The NFL has no jurisdiction over players who misbehave at joint practices. But the league can take action against teams that fail to properly police their players in such settings.
According to a source with knowledge of the process, the league could impose sanctions on the Rams if it is determined that the Rams were at fault in the case, such as failing to properly control their players.
The end result would indicate that the Rams really failed to make sure their players didn’t engage in over-the-top actions like everyone saw on Thursday.
Whether the league exercises its prerogative to investigate and punish the Rams remains to be seen. But how could the league ignore such a spectacle in an era of heightened sensitivity to player health and safety? If Browns defensive end Myles Garrett was hit with a significant suspension after hitting Steelers quarterback Mason Rudolph in the head with his own helmet during a game, how could the league do nothing when Donald did the same thing?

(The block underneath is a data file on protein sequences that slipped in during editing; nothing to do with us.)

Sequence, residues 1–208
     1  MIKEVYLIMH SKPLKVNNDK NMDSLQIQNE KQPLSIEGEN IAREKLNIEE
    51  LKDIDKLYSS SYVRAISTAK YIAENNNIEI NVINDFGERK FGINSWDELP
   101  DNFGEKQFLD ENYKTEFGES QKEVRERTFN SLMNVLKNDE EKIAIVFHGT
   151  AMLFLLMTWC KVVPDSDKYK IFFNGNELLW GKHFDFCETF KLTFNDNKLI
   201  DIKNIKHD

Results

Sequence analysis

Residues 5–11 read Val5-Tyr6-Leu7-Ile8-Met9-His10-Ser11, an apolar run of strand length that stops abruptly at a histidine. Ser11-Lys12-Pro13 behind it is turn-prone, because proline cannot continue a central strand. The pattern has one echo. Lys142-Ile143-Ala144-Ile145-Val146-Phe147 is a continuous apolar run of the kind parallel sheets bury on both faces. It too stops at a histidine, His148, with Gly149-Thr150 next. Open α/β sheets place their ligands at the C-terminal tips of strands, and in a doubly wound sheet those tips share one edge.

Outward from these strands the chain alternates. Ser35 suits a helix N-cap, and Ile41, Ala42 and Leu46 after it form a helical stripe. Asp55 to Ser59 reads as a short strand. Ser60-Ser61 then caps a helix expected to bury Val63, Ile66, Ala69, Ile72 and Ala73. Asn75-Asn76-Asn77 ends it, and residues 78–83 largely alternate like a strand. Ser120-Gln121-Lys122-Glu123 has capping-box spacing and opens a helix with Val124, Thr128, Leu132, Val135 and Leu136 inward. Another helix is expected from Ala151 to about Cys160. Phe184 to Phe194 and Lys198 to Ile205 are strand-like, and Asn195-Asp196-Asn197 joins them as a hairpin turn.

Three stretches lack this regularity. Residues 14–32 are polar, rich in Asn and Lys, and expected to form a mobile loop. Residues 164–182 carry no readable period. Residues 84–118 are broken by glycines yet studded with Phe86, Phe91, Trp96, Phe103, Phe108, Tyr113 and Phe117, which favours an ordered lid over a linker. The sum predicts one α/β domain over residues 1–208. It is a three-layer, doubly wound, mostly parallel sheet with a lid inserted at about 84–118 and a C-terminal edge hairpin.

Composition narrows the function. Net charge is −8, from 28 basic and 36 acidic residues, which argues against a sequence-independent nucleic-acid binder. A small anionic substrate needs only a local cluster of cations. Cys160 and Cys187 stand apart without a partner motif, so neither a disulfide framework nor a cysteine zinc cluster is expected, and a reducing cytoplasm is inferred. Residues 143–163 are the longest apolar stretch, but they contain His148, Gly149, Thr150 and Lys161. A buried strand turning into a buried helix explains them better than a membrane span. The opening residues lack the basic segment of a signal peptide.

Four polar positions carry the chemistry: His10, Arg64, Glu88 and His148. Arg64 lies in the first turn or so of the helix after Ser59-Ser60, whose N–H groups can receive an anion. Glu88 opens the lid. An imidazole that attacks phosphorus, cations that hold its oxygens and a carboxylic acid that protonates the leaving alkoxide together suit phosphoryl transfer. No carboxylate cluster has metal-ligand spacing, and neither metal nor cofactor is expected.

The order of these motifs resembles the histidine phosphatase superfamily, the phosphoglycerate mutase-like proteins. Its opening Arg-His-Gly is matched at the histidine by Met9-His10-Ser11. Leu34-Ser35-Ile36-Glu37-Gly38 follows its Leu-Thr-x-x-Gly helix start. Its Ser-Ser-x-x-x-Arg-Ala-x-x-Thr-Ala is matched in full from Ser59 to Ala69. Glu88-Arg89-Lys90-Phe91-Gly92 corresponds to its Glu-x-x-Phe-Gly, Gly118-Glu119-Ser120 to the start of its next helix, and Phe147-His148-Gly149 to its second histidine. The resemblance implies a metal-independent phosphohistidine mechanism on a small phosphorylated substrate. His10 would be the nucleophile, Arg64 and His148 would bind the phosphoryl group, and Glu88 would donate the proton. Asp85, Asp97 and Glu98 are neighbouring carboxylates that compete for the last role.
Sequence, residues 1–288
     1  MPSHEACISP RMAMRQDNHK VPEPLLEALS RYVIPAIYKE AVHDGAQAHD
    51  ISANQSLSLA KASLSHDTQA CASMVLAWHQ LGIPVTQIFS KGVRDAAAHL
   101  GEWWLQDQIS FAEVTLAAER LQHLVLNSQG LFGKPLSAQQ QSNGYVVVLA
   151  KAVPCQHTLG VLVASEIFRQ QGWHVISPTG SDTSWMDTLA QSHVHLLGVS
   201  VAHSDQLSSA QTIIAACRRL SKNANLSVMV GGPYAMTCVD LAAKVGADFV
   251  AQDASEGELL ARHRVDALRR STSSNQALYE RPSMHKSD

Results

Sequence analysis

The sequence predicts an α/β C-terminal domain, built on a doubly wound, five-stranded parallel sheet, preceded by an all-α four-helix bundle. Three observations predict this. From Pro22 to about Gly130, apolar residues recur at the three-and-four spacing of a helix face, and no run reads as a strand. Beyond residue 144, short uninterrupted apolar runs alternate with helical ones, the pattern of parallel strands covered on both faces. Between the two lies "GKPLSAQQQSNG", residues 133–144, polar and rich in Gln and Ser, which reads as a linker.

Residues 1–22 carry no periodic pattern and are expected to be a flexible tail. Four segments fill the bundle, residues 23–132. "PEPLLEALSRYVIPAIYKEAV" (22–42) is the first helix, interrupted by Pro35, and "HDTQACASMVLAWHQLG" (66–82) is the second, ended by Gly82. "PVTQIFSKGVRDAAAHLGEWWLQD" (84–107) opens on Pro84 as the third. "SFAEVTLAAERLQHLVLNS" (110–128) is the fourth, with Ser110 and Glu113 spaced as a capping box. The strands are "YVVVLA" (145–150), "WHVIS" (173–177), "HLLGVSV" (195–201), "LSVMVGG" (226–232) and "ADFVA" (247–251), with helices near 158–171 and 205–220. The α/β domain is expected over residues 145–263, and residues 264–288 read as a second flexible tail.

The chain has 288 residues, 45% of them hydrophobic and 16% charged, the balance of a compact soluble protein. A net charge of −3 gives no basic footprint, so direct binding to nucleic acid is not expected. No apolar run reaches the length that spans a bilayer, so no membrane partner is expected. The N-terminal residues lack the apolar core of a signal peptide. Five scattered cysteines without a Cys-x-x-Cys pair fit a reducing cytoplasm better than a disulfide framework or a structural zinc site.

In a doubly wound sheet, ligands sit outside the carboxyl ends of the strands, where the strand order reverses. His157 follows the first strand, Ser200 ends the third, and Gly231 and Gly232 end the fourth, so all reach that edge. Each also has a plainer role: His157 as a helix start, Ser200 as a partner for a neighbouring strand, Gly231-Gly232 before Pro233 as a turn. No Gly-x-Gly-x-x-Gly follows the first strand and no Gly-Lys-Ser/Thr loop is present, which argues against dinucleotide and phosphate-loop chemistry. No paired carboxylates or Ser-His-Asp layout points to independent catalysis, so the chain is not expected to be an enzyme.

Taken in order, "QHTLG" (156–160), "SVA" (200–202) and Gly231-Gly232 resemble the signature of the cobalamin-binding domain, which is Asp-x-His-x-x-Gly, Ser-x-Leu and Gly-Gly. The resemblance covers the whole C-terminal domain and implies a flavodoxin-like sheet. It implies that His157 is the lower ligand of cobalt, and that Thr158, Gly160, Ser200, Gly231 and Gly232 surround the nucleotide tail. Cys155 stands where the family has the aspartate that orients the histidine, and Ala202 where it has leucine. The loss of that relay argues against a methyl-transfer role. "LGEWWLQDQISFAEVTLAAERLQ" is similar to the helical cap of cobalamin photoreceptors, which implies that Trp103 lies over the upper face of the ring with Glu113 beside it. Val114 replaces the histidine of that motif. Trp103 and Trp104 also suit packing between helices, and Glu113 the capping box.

It is not enough to wait for such behavior to cause serious injury. Unless there is some kind of reaction by the league, this will continue to happen until a serious injury occurs. And then the league will make sure it never happens again.
Why not make sure it never happens again before it gets seriously hurt?
No, inaction cannot be an option. While the Rams will never do anything to their most important player, the league has the power to do something to make sure the Rams do a better job of controlling their players during practice — especially when they’re practicing with players from another team.